Questionnaire Design Boot Camp: An Introduction to Survey Writing | Jessica Broome | Skillshare

Questionnaire Design Boot Camp: An Introduction to Survey Writing

Jessica Broome, Opinion researcher and research evangelist

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6 Lessons (30m)
    • 1. Trailer

      1:18
    • 2. Finding and Operationalizing your Objective

      5:46
    • 3. Applying the Response Process Model

      6:31
    • 4. Some survey dos and don'ts

      5:13
    • 5. Key Points About Answers

      6:22
    • 6. Questionnaire from Soup to Nuts

      5:10

About This Class

This class is for anyone who wants to know what other people think or do! Maybe you want to understand what design features your customers want from your product, why people are buying from your competition, or what your employees are saying about you.

Basic survey research is a common tool, but most people never learn the key principles. Survey design is an art and a science-- better surveys get better data, which help you make smarter decisions. This class will prepare students to write effective questionnaires.

Students should be prepared with an idea for research they want to conduct using a survey. The class will begin with understanding your research aims and writing questions to meet these aims. Specific modules offered include: asking about sensitive topics (drinking! drugs! mean thoughts!); picking the right scale (numbers, letters, labels?); and avoiding pitfalls (more common than most people realize). Lectures will include basic theory but will focus primarily on "real world" examples.

Transcripts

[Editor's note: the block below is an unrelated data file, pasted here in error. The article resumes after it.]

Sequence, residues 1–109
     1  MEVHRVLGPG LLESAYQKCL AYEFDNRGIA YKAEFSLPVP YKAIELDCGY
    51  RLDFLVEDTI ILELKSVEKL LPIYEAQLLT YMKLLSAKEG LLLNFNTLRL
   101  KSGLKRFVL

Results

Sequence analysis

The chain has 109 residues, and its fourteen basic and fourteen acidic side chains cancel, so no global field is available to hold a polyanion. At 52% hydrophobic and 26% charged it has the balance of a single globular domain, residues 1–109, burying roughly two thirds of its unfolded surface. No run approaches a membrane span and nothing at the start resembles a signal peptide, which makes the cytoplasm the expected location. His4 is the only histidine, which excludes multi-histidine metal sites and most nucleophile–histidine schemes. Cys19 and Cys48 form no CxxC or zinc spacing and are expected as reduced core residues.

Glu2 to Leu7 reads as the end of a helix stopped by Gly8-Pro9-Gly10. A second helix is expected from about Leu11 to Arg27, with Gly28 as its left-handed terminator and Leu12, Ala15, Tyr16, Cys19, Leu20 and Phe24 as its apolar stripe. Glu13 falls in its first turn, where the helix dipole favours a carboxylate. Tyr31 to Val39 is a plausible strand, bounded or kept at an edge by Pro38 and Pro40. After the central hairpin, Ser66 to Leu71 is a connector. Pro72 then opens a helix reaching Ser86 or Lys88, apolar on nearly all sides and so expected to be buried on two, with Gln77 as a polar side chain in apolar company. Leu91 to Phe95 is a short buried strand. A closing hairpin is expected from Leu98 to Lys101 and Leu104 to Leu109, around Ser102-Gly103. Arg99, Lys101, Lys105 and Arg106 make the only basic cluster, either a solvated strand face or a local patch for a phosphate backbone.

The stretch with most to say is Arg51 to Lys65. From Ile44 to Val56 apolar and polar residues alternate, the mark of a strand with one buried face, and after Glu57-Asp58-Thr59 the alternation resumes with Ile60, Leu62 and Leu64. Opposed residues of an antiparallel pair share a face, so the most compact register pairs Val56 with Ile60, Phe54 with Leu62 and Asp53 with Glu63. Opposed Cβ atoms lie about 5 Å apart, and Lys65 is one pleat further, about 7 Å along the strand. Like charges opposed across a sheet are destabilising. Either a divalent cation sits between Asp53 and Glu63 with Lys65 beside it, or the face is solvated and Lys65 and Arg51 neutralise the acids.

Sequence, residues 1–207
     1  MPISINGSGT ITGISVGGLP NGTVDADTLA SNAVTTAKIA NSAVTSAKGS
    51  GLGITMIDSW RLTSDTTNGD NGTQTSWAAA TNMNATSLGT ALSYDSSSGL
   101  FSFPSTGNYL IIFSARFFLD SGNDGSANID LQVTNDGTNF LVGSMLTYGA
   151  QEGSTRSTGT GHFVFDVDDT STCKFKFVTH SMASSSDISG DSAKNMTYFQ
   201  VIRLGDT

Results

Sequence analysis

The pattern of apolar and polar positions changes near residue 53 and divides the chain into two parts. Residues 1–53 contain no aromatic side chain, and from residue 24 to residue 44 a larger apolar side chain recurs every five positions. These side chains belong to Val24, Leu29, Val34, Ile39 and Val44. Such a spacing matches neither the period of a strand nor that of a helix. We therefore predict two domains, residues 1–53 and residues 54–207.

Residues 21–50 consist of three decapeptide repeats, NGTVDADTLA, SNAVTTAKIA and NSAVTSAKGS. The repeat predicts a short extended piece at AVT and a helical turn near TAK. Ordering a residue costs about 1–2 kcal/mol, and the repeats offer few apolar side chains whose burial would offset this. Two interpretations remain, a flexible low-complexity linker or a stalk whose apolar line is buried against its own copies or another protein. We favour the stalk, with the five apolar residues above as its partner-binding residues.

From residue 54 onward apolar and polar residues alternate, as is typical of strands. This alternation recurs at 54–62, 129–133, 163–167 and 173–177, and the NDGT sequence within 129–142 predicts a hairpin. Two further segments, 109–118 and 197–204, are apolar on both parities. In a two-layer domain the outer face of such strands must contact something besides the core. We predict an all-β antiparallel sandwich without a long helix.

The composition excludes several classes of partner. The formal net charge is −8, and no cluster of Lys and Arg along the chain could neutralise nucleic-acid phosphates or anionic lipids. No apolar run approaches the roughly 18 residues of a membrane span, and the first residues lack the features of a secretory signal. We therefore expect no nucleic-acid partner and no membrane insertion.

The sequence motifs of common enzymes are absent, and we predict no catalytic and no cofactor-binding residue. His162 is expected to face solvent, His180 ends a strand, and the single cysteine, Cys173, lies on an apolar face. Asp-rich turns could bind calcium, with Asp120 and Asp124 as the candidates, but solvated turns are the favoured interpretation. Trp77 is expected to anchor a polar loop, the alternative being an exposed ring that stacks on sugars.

4. Finding and Operationalizing your Objective: I'm Jessica Broom, and this is questionnaire design. Boot Camp Unit one is on finding an operational izing your objective. First, I want to talk for a second about different uses of survey research. Yes, every research can be used to get publicity. For example, I've done surveys about things women worry about and asked people how much they worried about their clothes, their skin, their hair. Then we end up with a headline. 99% of women worry about their hair, and a company can use that to Segway into talking about how their hair product will keep you from having this worry. Surveys could be used to make decisions. This could be anything from How can we, as a company, spend our money to? What should we do to keep our employees happy? To Where should we open our next branch? We can ask people questions and make a decision based on their answers. Service could be used to design content where content is anything from an advertisement. So what words to people like, What colors do they like to a product where we try to understand what features their most important? What are people willing to pay to a website. How useful is it? How easy is it to navigate? Do people have a need for it? Or service could be used to make changes. A lot of places do customer satisfaction surveys, and I like to think they're making some changes based on what they hear. If everyone says the line is too long, maybe they add more cashiers. If a lot of people are saying the chicken is too salty, maybe they switch up the recipe. These are some uses of survey research. The first step in any survey is to answer three questions of your own. What do I want to know? Who do I want to talk to and what am I going to do with the results? So quick example. Right now I'm working on a survey for a hearing aid manufacturer. They want to know how their target audience reacts to a few different advertisements, which won people prefer and why. So that's my research question. I want to make sure I'm talking to the right people, their customers, people who use hearing aids, And what am I gonna do with the results? I asked this so I don't end up with answers to questions that aren't useful. My client is gonna decide which add to run based on the ad that's most preferred. It's after I know what I'm doing, who I'm talking Teoh and what I'm going to do with the information I get. I'll start coming up with some question ideas, brainstorming some questions. I like to write these on a white board or a big piece of paper, and I like to keep my research objective nearby so I can refer back to make sure all my questions have a purpose. I also like to make sure some of the questions I brainstorm are the ones that are going to get me the right people. So here I have. Do you regularly wear a hearing aid I have to have. For how long have you weren't a hearing aid, which add do you like best? And why does it catch your attention? Would you take some action and tell someone about it? Uh, I'll go back through these a few times and make sure all my questions are getting me what I need. So for how long have you weren't hearing? Aid? Probably isn't that useful across that off the rest of my questions and answers, I'll keep. For now, I like to go through some questions and right out potential, uh, findings. So 100% of respondents were hearing AIDS. That's what my client wants. Um, 75% of respondents like ad number one the best. Remember, this was my clients objective, which add to potential customers prefer and why respondents report liking the ad because it's colorful, interesting and relevant to them. I do this to make sure I'm asking the right questions. So your first step before you write a single question is to answer these three questions yourself. What do I want to know? You could want to know multiple things, but before you start writing questions, you need to be super clear about what you're after in this survey. Who do I want to talk to? You mean to include some questions that are going to get you to that? So you really need to know who these people are. If there are people who use a certain product, or do they have to use it a certain amount. Are the people who attended an event Who were you trying to talk to and what are you going to do with the results are using them for publicity are using them to make a change. You need to ask questions that you'll be able to use for the results that you want. So just knowing that people didn't like your event doesn't help you make a decision about what to change. So your first step is to answer these three questions. Your next step is to sketch out some questions and answer choices for your servant. These might or might not be the questions that you eventually use in your survey. This is just your first step. I'd suggest between five and 25 questions. Um, that's not a hard and fast rule. But once your questionnaire starts getting really long, you need to ask yourself if all these questions are necessary for your objective. Or maybe, do you have too many objectives for one survey? Ah, you're gonna keep your objective nearby to make sure that all your questions help you get to it, and you're going to make sure you include in your questions of question or two that will help you get help. You sorry, make you make sure that you get to the people you want to talk to, so do you Wear a hearing? Aid will help you get to people who were here intense. And you're gonna write some sample results. You need to know what you're going to do with the answers. And if the potential answers you could get are going to help you to get to this end, that's all we have for Unit one. 8. Applying the Response Process Model: I'm Jessica Broom. And this is questionnaire design Boot camp. Unit two is on applying the response process model. I try to keep this class very non academic and applied, but this is a theory that you can really use Teoh improve. Almost any question that you write to the response process. Model has five steps and code comprehend recall map and report encoding is the question. Did I noticed this happening? If respondents aren't aware that something happened, it'll be hard for them to answer. Covering hand. Obviously. What is this question asking me if I don't understand your question of the words in it? I have a hard time giving a good response. Recall. Can I remember this? And mapping? Is there a place to put my answer? Just my answer. Fit in an answer category. Finally reporting. Do I want to admit this? So here are some examples of the response process model places it might break down. How often do you eat foods containing vitamin A? This is something a lot of people just aren't aware. They haven't encoded this information, so they won't be able to tell you comprehension. Were you see, not an inpatient or an outpatient basis, These words or not commonplace for a lot of people, it might be easier just to ask. Did you stay overnight in the hospital? Recall. How many apples have you eaten in the last year? This is tough of its ah, mundane sort Every day activity. People aren't necessarily going to remember for a longer reference period like the last year mapping. How much cocaine do you use on a daily basis? This was, ah, question from a survey I worked on, and all the answer categories were in kilograms. But all the respondents would hear this question and answer in dollars. So $50 worth $100 worth. Um, and they There was no way to map their responses onto the responses that were given in the survey and finally reporting. So what is your annual income? This is something a lot of people don't like to admit, especially to maybe a stranger who's asking them Survey questions, uh, one place. We run into a lot of problems in the response process. Model is comprehension on one area, and specific is unclear terms. So words that can mean different things to different people. You really want to make sure all your respondents are answering the same question. So if I ask how many people are in your family, this means different things to different people. It could mean my family of origin. It could mean my family now, my extended family. I don't know what this is asking me. Same thing with how safe do you feel in the area where you live? What is this area? Is it? My house is at my block. Is that my state? Is the country une easy solution here? If you have any terms, that you think might not be clear is to give a definition. So by area we mean X y z and it can mean whatever you want. You just need to make sure all your respondents get the same definition and her answering the same question. Another stumbling block is often reporting. We sometimes ask questions about things that are sensitive or socially desirable. They might not be sensitive topics to you, but they are sometimes to a lot of people. People don't always like to talk about how many sexual partners they've had their income, whether they vote, how much they drink and smoke how much they exercise. So if you're asking about any of these topics or any topic that could be sensitive by your respondents, there are a few ways to sort of minimized the effect of social desirability. You can assume the behavior so you can ask people, How many drinks have you had in the past week, assuming that they've had at least one? But of course, giving them the option to say zero rather than asking, Have you had any alcohol to drink in the past week? Um, question where people might I feel pressured to say no. You can soften your question with a leading. So a lot of people have told us that they wanted to vote, but they couldn't maybe because of this, that and the other. And then ask your question. How about you? Were you able to vote in the last election? Or you can ask about another person first? So do you know anyone who's shoplifted? Yes or no? And then how about you? Have you ever shoplifted? It's a lot easier to stomach after I just told you that all my friends shoplift, so your next step for this unit is to apply the response process model to your questions. Uh, encoding. You want to make sure you're asking about something your respondents will know, Or if not, can you make it about something they'll know? Comprehension is your question. As simple as possible are their words that could have multiple meanings. Do you ask about one thing? Onley in each question to make it as simple as possible for your respondents Recall. If you're asking respondents to remember a quantity, what's more useful and what's easier for for them a rate or account? So how many apples do you eat in a typical week? Or how many apples did you eat last week? Uh, mapping? Will everyone be able to put their answer into one of your answer categories? You need to make sure, um, everyone has somewhere Teoh somewhere to go somewhere to put their answer and reporting. Is this something people will be resistant to answering for any reason? How can you soften this question your step. Another step here is to pre tests problematic questions, so you wanna find someone who looks as much like your respondents as possible. So if you're doing a survey with elderly people. I don't find someone who's 25 years old and have them answer any questions you have doubts about. Just go through the survey and respond to the questions as if they were responding. Then they'll answer some additional questions for you. Asked them things like, What does this word mean to you? What was hard to understand in this question? How did you remember this? Have them walk you through their thought process for coming up with an answer, especially about a quantity that can be really shut a lot of light on where people are having problems. Um, this exercise might show you where people are having problems. It might show that people aren't having problems at all. Um, but it will give you. I'll take you one step closer to having final questions that are easily understood and responded to by the people you ultimately want. Talk to. That's all for Unit two. Applying the response process model 10. Some survey dos and don'ts: - I'm Jessica Broom, - and this is questionnaire design. - Boot Camp. - This is Unit three, - some things to do and some things to avoid in your questions. - I wanted to start this one off with some survey results. - This was a survey about, - at what point do you think a survey is too long? - And these researchers found that 8% of people fought anything more than a few minutes was - too long and 26% thought more than 10 minutes was too long. - So if you're doing a 20 minute or 30 minute questionnaire, - you're really alienating a lot of your respondents. - My my first advice is to be considered of your respondents by keeping your surveys short. - Another way to be considerate of your respondents is to think about who they are. - So if you're a college educated person, - it's easy to forget that in the United States only 22% of people have a bachelor's degree. - The average reading level in this country is somewhere around eighth or ninth grade, - and one in five people reads at or below 1/5 grade level. - So if your questions include a lot of complex concepts and uncommon words, - people might not be understanding what you're saying and you might run into problems. - Do be considered of your respondents by not giving them a grid that looks like this, - Or you will end up with data that look like this. - Um, - if you have to have if you absolutely have to ask all of these questions, - I would suggest cutting the grid at least into two pieces so people aren't suddenly staring - down the barrel of 17 questions they have to answer. - Otherwise, - they're not gonna put a lot of thought into their answers. - You want to consider the context of your questions. - So here on the left hand side, - we ask people how often they exercise, - how often they eat fast food, - how often they had they rate their stress level and then question 20. - After you've been thinking about all these things I've been thinking about how little I - exercise and how many Big Macs I eat. - Then I have to rate my health. - Um, - on the other side, - we asked, - how would you rate your health as the first question? - So neither one of these is right or wrong It when emphasizes air, - both just different and you really just need to consider what you want. - Do you want people to think about all of these things before they read their health? - Or do you want to actually get a clean read on how they rate their health before you've put - all these other things in their mind again? - Neither one is right. - Neither one is wrong. - Just something to think about. - Something you want to avoid in in survey design is double barrelled questions. - Most people know this, - but people aren't always aware of where double barrelled questions can hide. - So this is a pretty straightforward when, - how likely is it that you'll go out for dinner and a movie this weekend? - Um, - if I'm going afer from going out for dinner and a show or ice cream in a movie, - I don't know how to answer this question. - To make sure every question on Lee asks about one thing back to my hearing aid client, - for which, - if any, - of the following reasons, - have you been hesitant to use a hearing aid? - They're too expensive. - I don't believe I need one. - I'm concerned about the stigma of looking older. - This is a sort of a hidden double barrel. - Um, - someone might be concerned about looking older, - but not about this stigma. - Or they might be concerned about the stigma of looking death rather than the stigma of - looking older. - So, - really, - make sure you separate out different concepts into different answer choices. - Finally, - do you favor or oppose President Obama's health care plan? - This can be tricky if we're sort of lumping a person together with a concept. - People are often hesitant to oppose the concept if they generally favor the person. - So I for something like this, - I would suggest taking President Obama out of it. - If it's the health care plan that you're interested in your project. - Step for this unit is to check your questionnaire for any of these problems. - Um, - we started out with length. - Your first problem could be that your questionnaires too long. - I would do a time test, - have someone who's not familiar with your questionnaire, - respond to it to go through it the way a respondent would and time how long it takes them - much longer than 10 minutes. - See where you can cut, - do some really close at its go through your questionnaire with a fine tooth comb and ask - yourself questions like, - Is this question absolutely necessary? - What can I cut Do I use words that my respondents will understand? - Where can I simplify? - This, - of course, - is depends on who you're respondents are, - Um, - but put yourself in their shoes and try to make it as simple as possible. - Do I have any very long sets of questions like that? - Terrible grid I showed? - How can I cut them up if you can't reduce at least cut ah long grid into different pieces? - Does the order make sense? - Are there early questions that might influence responses to later questions? - If you're okay with the early questions influencing the later questions, - that's fine. - Just be aware of it, - um, - and make a conscious decision on how you want to order your questions. - Do any of my questions ask about two things at once? - We don't want any double barrelled questions or even double barreled answers. - That's it for Unit three. - Some things to do and some things to avoid in your questions 14. Key Points About Answers: - I'm Jessica Broom, - and this is questionnaire design. - Boot camp. - This is Unit Four key points about answers. - The first thing I want to talk about is using open ended questions. - Uh, - these are questions that just ask. - Ask something and your respondents have to write their answer or speak their answer. - There are no choices given for them. - Uh, - these are questions like what features would you like to see on this product? - Or what feedback do you have about this event? - Questions like that. - Questions like this have both pluses and minuses. - On the positive side that can give you ideas. - If you don't have any, - respondent might come up with something really good. - They have respondents a chance to express themselves freely, - and some people really like that on the negative side. - Unopened and a question makes respondents do a lot of work. - They have to go through an extra step of thinking about an answer and writing out there - answer rather than just selecting one. - They don't always give you useful information. - If you ask someone what feedback they have about an event, - they might just say it was good or it was bad, - doesn't really give you anything to work with. - And the results are hard to analyze. - Depending on how many respondents you have, - you could end up with a really long list or really big stack of papers. - Um, - with an open ended question that you have toe go through a lot of times for answer choices - , - we use different kinds of scales. - Um, - some that I've seen lately are a 1 to 5 scale with labelled endpoints. - Not at all. - And extremely, - um, - it's great to label your endpoints something you want to think about in scales that have a - midpoint. - So in this case, - the three is what is the midpoint mean? - Um, - does it mean sort of ROK or I don't have an opinion? - Um, - so the label your endpoints and also label your midpoint can be helpful. - For your respondents a 1 to 7 scale, - um, - same issue with the midpoint. - Also, - an issue with the 1 to 7 scale is the way that it can be interpreted. - If you're asking something like, - how often do you watch TV? - Um, - people might, - even though you don't say it. - And the question they might think one means once a week and seven means every day. - So be careful not to accidentally convey any extra information in your scale. - Ah, - not at all. - Not very somewhat. - And very This is ah, - scale. - I use a lot and gets you away from the midpoint issue a lot of little none. - Ah, - this could be useful if you're planning to just collapse your, - uh, - answer choices anyway. - So if you're gonna put one and two into a category and four and five into a category when - you're doing your analysis, - sometimes it's easier to just give respondents three choices instead of five or seven. - The two point scale can be dangerous. - Um, - favor. - Oppose, - Agree, - Disagree. - Yes. - No. - Sometimes people feel like they're backed into a corner. - So I generally caution people not to use two point scales and often, - sometimes rarely, - never has its own set of problems. - Um, - you know what's sometimes for me might be often for you or rarely. - For someone else. - I these air hard Teoh interpret and I generally more of a fan of asking people about actual - units of time. - So once a week, - once a month, - etcetera beyond scales, - sometimes we give people response categories your categories should be mutually exclusive - and comprehensive, - so everyone should fit one and only one category. - Ah, - an example. - This is actually pretty common. - In which of the following categories is your annual hustled income less than $30,000.30 to - 40,040 to 50 $50,000 or more? - If I'm on one of these border points 30,000 or 40,000 or 50,000 I could conceivably put - myself into two different categories. - Um, - this is just messy and confusing for respondents. - Same thing with this one. - What's the age of your youngest child? - 1234 to 67 or older? - Have a six month old, - but I don't know where to put him. - So keep in mind everyone should fit in one category. - Everyone should not fit in more than one category. - Keep your response categories clean. - So here's an example. - How important do you think it is to provide universal access to the Internet? - Not at all important, - because information corrupt somewhat important, - because some people need to communicate with friends and family. - Very important for economic development. - Extremely important, - everyone should have home Internet access. - I mentioned that I really like this? - Not at all. - Somewhat, - very, - extremely scale. - Um, - but here it's sort of junked up by combining the rating scale with the reasons why this can - actually be two separate questions. - So keep your response categories or your scales clean. - Make sure your answers match your question. - Ah, - when I see this question, - how likely are you to enroll in this program? - I think the answer categories they're going to be not at all likely, - somewhat likely etcetera. - So I'm a little taken aback when I see Definitely Will. - Probably will probably will not, - Definitely will not. - People will answer this there. - There's not a problem in answering it. - Um, - it's just gonna take them an extra minute. - Um, - and a little extra brain work that you want to not put on your respondents. - This is actually a pretty common mistake. - If you're editing questions a lot, - you might change your question and not your answers. - Seeming to be really aware of this, - your project step for this unit is to take a really close look at all your answer choices - in all your scales. - Ask yourself questions like am I using any open ended questions? - Do I really need them. - How can I limit them? - How can I? - How am I gonna handle the responses to open ended questions? - How am I gonna analyze them to my scales? - Convey any information I don't want conveyed. - Do I want a midpoint on my scale? - What is the midpoint mean? - Well, - every respondent fit in one and only one answer category. - Do I have any double barreled answers or any places where maybe I'm combining reasons with - ratings and these can be split apart and finally do my answers match my questions? - That's it for Unit Four key points about answers. 16. Questionnaire from Soup to Nuts: I'm Jessica Broom, and this is questionnaire design Boot camp. This is, you know, five questionnaires from soup to nuts. This unit talks about things besides the questions and answers that can help you have the best and most effective questionnaire. Your first step is gonna be inviting your respondents. So, Harrow, are you gonna communicate to respondents that you want their participation? If they're getting the survey by email and suggest sending a warning out a week or a few days ahead of time to let them know they will be receiving the survey and giving them a heads up? If it's an in person survey, maybe you're at an event. Um, you can accost people walking by and try to get them to respond. You could have signs up. Um, telling people this is an opportunity to share your experience or to take a survey you need to communicate to respondents that you value their participation. Some information people often like to know before they take a survey. Is there an incentive? If you can offer people even a dollar or a coupon, um, they feel a little more valued, and they might be more likely to respond tell them what you're using the information for. Um, they're giving you all these answers. They would like to know probably where their answers were going or what they're gonna be used for. Is the survey confidential? Who is going to know what they said? My recommendation is to, if at all possible, keep people anonymous. Don't even ask for their names, um, on the survey and and let them know that their names will never be attached to their responses. If that's true, how long will it take? We've talked about in other units, the shorter the better. People really like to know how much of their time they're giving they're giving to you for this, for this survey during the survey can communicate to respondents that you value their participation by making the survey process as easy for them as possible. So another example from my hearing aid client. Which of the following were most important to you when you purchased a hearing? A prize price, functionality, size and comfort? When I see most important, I think you're just asking me for one thing. But this question seems like it's asking for multiple because it says which of the following were most important. Um, but I really don't know if I'm supposed to select one or if I can select multiple. This is a place where you really need to add instructions so people know exactly what you expect them to do. Another example of making it easy for respondents is this set of questions. Do you use a hearing aid? Yes or no? And then question to for how long have you used to hearing it? So if I just answered Question one? No, I don't use a hearing aid. What am I supposed to do with questions? Who am I supposed to skip it? Am I supposed to write something? Ah, uneasily around. This is to ask question one and then give instructions and you see that I've written these in capital letters and read So they really stand out to respondents. They know that they're only supposed to answer Question two if they answer yes to question one. These things might seem obvious, but it's always better to air on the side of telling giving, making it easier for people rather than harder. You really need to say thank you to your respondents as much as possible. You can thank them for taking the time to participate. Thank them for sharing their experiences. Thank them for helping you out by giving you by giving you their thoughts. Um, whatever you say, it should be genuine. And people should know why you're so grateful to them. Because he really would not have a survey if you didn't have respondents, Your project step for this unit is to figure out your implementation plan. So where will you find people? And how will you let them know that you have a survey you'd like them to take? How will they take your surveys it online? Is it paper and pencil? How are you going to administer it? What mood and how you analyze the results. If you do an online survey with a su surveymonkey or zoo meringue, take program. You can get graphs from that. If that's enough for you. If you do a paper and pencil survey, you'll end up with a big pile of paper. You need to think about what you're going to do with it to make. To make it into usable data. You should also finalize your questionnaire. Add some upfront language telling people how long this every is gonna take, what it's gonna be used for and, of course, thanking them. Do A final read through of your survey really should have not have any typos in this. Ah, if respondents think you're not taking it seriously, they won't take it very seriously. Make sure your questions do match your mode. If it's ah, face to face in our survey interview or on the phone, you should make sure questions sound conversational, which is not as important as if it's on online or paper and pencil survey and finally adds amending language again thanking people for their time and participation. That's it for Unit Five questionnaires from soup to nuts.